We are walking back to the truck when several UTO officers begin shouting, and sprint towards an open-air market. It seems they have spotted a known sicario – an assassin.
Through the stalls selling brightly colored hammocks, dried fish and handicrafts, the police pursue the individual while shouting rapid-fire Spanish. Although much younger than the officers, he is not faster and is quickly caught. He is 21 years old and a member of the 18th Street gang. Scars over his chest and stomach tell the story of his violent youth. I count 3 scarred-over gunshot wounds and a scar that appears to be from the business end of a machete. Two of the gunshots are in the center of his chest and one would think they would have been fatal. In his short life, he’s developed a reputation for being very efficient with a knife and has killed at least 7 rival gang members. Unfortunately, as is often the case, witnesses are too scared to testify against the assassin and after some more photo-taking and questioning, the police are forced to let him go since no one has been able to obtain an arrest warrant for him. Given the appearance of the life he is leading, he may very well not live long enough to face prosecution anyway.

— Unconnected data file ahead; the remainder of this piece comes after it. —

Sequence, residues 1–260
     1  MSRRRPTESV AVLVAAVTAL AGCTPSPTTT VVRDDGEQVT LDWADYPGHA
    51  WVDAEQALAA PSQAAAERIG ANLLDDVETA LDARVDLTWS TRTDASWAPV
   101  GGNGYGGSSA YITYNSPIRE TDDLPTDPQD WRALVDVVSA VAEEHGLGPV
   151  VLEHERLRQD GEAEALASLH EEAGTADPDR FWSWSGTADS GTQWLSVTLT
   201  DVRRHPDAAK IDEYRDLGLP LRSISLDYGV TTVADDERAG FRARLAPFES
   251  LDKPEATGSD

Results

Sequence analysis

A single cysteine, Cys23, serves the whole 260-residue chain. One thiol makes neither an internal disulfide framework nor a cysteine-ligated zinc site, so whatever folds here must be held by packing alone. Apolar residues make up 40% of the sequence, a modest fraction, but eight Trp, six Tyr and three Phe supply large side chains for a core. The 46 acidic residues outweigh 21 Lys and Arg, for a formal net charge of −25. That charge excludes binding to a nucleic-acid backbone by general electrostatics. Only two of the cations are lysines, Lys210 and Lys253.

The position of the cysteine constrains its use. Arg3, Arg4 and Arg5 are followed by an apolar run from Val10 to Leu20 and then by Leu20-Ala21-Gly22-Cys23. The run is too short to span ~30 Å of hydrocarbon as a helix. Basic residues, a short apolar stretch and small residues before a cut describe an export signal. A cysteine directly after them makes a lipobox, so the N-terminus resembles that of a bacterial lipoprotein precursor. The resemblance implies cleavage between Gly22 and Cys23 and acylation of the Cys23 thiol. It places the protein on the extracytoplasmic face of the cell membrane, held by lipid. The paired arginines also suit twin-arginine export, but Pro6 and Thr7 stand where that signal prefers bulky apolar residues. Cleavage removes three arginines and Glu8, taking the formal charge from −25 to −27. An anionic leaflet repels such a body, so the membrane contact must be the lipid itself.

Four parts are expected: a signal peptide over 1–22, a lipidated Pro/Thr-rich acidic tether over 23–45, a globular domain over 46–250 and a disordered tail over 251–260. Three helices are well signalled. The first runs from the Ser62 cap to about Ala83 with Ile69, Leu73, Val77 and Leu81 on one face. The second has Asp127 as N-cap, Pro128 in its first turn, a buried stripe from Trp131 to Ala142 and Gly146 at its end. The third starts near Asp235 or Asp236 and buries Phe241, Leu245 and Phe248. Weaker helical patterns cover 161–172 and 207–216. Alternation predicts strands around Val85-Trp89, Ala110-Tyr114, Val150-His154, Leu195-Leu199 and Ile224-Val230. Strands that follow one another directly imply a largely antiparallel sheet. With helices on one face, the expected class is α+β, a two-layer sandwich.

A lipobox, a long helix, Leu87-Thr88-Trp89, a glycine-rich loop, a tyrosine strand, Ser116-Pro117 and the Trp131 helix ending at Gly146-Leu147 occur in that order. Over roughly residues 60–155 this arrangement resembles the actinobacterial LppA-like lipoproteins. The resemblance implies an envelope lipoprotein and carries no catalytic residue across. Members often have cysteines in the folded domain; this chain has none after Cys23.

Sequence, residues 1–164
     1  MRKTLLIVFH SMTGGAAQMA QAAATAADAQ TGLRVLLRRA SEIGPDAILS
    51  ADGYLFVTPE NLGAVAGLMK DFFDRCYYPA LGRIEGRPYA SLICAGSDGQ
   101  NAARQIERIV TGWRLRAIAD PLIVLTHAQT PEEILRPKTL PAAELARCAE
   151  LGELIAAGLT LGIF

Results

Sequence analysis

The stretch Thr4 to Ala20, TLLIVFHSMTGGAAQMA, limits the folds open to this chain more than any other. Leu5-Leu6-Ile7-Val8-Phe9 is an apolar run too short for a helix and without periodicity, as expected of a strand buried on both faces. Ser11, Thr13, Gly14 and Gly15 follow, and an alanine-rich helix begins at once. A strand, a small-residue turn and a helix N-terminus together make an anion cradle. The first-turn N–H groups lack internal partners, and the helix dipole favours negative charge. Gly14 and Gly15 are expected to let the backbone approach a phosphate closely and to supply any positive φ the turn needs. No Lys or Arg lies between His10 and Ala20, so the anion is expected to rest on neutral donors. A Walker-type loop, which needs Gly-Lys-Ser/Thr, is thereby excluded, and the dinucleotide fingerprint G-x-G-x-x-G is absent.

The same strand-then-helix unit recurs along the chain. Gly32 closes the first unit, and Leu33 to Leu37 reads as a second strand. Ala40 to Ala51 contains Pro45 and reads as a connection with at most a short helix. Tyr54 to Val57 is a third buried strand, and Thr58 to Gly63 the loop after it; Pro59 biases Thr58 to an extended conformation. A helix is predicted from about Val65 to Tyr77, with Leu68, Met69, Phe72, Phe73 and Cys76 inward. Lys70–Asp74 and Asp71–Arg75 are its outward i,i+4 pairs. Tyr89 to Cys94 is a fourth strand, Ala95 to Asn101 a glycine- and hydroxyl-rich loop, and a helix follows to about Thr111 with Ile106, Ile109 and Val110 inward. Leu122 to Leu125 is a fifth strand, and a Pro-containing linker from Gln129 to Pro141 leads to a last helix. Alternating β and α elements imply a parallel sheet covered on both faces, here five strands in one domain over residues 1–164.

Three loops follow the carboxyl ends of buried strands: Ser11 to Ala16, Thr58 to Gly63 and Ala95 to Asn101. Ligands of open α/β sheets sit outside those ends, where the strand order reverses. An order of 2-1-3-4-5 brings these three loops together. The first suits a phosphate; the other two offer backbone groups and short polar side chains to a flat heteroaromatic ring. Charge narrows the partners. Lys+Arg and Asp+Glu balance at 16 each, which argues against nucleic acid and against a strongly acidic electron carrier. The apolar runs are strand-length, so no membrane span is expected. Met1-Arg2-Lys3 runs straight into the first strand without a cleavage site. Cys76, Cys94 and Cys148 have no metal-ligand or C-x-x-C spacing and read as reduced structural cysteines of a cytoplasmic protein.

We have several more encounters during the rest of the day, and afterwards, our time with this well-trained unit comes safely to a close with the only shooting having been done with our digital Canons.
What have I learned from my trip to El Salvador? Gang violence, although a terrible problem in certain concentrated neighborhoods of El Salvador, it is actually on the decline due to the proactive and efficient work by the local police, something that cannot be said in most of the other countries of the world, including many parts of the United States. It should also not discourage the average tourist from visiting what is otherwise a beautiful country. Hopefully the US and El Salvador will continue to work hand in hand to combat these gangs since together, they make up two sides of the same coin.
Many thanks to Jeff Randall for allowing us to use images from his website. More of Jeff’s photos can been seen at –